In his New Year address, President Museveni repeated previous claims that he is sacrificing a lot in serving Ugandans. A look at official documents, however, shows that the country pays dearly to keep him around, write ALON MWESIGWA and BAKER BATTE LULE.
“What material benefit do I get from being involved in government? In the last 52 years, I have either been working for no pay or for little pay. Maybe those people talking mean ‘greedy’ for sacrifice,” Museveni said.
Budgetary allocations for the presidency show considerable expenditures compared to other government departments. State House in 2016/17 spent Shs 232.4 billion to facilitate the president, his activities and family, according to the 2017/18 ministerial policy statement for the presidency.
The vice president and his family, who are also covered under vote 002, were facilitated with Shs 6.9 billion. State House spent Shs 257.2 billion last financial year on the president and vice president.
The figure dropped to Shs 245.5 billion this year but will grow to Shs 265.3 billion in 2018/19 and Shs 322bn in 2019/20, according to the National Budget Framework Paper for 2018/19 – 2022/23.
However, State House’s budget is below agriculture’s Shs 828.5bn; Health’s Shs 1.8 trillion but above trade and tourism’s (the country’s top foreign exchange earner) Shs 116.6bn and science and technology at Shs 71.9bn.
On Monday, Senior Presidential Press Secretary Don Wanyama declined an interview on Museveni’s salary but referred this newspaper to the ministry of Public Service.
However, Frank Tumwebaze, former minister for the Presidency and now minister for Information, Communications and Technology, said yesterday that Museveni has been earning Shs 3.6m per month for a long time.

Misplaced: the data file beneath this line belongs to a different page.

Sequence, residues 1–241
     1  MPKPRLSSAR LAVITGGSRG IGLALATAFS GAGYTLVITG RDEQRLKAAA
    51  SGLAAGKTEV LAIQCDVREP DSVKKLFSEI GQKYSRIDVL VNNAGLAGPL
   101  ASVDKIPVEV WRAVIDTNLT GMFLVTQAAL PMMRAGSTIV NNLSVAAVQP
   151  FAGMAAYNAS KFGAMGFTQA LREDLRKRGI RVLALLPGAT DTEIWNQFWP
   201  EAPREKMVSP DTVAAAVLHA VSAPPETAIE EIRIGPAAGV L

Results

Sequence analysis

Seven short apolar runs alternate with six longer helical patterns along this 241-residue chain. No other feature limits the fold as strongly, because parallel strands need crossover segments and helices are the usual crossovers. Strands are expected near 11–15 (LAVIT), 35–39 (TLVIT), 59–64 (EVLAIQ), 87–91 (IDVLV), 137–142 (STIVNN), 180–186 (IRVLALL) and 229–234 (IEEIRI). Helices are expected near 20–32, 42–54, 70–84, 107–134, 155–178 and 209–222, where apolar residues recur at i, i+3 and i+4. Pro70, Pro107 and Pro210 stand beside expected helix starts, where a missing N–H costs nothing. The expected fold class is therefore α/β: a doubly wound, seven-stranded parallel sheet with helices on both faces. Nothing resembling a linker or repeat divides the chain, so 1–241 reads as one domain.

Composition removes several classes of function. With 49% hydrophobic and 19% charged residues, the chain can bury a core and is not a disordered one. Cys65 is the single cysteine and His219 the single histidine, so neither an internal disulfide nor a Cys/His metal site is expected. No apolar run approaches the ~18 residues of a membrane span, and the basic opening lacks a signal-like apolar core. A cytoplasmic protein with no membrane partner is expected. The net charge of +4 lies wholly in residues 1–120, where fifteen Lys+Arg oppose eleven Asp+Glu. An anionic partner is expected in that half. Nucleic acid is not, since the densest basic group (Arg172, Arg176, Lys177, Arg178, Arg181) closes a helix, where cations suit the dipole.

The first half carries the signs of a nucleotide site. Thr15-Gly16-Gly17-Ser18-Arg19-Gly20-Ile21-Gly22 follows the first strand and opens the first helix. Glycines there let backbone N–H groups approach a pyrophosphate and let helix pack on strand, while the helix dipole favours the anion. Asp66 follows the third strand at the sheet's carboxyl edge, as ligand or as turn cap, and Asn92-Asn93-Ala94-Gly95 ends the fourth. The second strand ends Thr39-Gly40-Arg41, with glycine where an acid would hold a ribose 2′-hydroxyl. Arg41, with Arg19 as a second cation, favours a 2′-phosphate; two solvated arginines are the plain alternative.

“The president was [on New Year’s eve] answering those insulting him that he was here for personal benefit. Someone seeking personal benefit doesn’t put their life on the line,” Tumwebaze said. “Unlike other political leaders who earn allowances when they travel abroad, he doesn’t earn any. To him, it is more of a calling...”
The minister added: “Ideally, according to public service rules, he would be entitled to a holiday. He has never taken any, apart from the time he goes to his farm. The question is at what cost we pay him. You don’t count money given to helpers like him.”
Tumwebaze said what is allocated to the Presidency – State House and Office of the President – are institutionalized benefits that will remain even after Museveni has left.
State House is largely an institution that exists to facilitate the presidency to perform its constitutional and administrative responsibilities, and is, therefore, not restricted to merely catering for the personal welfare of the president, vice president and their immediate families.
Hebert Okworo Ariko, the Soroti municipality MP who is also shadow minister for Public Service and Presidency, told The Observer that whereas the president’s actual salary maybe low, the aggregate remuneration of the presidency is more than any other office’s in this country.
“Regardless of budgetary limitations, the presidential facilitations must be given. So, he is not the person to look to salary to survive [like] other public servants where their supposed compensation is consolidated in salary, housing and domestic servants, among others,” Ariko said.
The policy statement says: “At least 95 per cent of all logistical support, welfare and security equipment [were] provided to the president and his family,” at a cost of Shs 72bn in 2016/17 financial year.
To mobilise four regions for peace, transformation and prosperity for all, the president hosted 60 delegates from several districts at a cost of Shs 29bn in the last financial year.
The president visited 20 countries, hosted 15 heads of state, and attended 18 regional and international meetings at a cost of Shs 15.7bn. He also attended six international trade meetings, commissioned new investments, and mobilised an unspecified number of local and international investors. The country spent Shs 5.9bn on this.
Museveni is recorded to have attended 72 community functions, met 80 per cent of formal pledges made and paid school fees, all tallied at Shs 78.1bn.
Other budget lines include special meals and drinks (Shs 3bn), welfare and entertainment (Shs 3bn). In 2016/17, Shs 970m was spent on refurbishing State House Entebbe and routine maintenance in all residential and office buildings.
At least 40 support vehicles were bought. Servicing and annual maintenance of the presidential jet and helicopter took Shs 11.4bn. Office and residential furniture was bought for Shs 900m.
There was also classified expenditure under logistical support amounting to Shs 38.7bn.